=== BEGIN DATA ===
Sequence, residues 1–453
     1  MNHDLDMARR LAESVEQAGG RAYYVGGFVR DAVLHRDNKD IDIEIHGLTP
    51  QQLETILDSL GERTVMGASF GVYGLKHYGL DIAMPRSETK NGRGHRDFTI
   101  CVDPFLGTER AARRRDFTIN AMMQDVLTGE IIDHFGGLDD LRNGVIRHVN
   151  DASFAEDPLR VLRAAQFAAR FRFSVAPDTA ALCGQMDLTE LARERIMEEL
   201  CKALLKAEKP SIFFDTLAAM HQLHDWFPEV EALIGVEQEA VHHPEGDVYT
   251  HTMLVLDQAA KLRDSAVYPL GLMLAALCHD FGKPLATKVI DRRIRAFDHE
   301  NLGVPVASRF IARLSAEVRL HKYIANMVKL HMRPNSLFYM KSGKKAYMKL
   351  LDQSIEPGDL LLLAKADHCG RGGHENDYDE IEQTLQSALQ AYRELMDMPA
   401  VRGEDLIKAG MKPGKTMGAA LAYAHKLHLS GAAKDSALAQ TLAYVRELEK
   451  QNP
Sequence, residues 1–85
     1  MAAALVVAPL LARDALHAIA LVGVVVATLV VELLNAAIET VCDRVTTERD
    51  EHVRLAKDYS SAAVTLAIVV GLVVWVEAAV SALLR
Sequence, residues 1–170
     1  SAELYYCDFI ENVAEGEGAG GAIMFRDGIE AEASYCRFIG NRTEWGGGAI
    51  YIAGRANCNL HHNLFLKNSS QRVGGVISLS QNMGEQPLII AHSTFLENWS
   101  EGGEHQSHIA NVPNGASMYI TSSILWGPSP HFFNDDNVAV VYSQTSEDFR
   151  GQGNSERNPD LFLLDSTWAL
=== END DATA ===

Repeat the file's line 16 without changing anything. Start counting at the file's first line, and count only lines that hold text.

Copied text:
     1  SAELYYCDFI ENVAEGEGAG GAIMFRDGIE AEASYCRFIG NRTEWGGGAI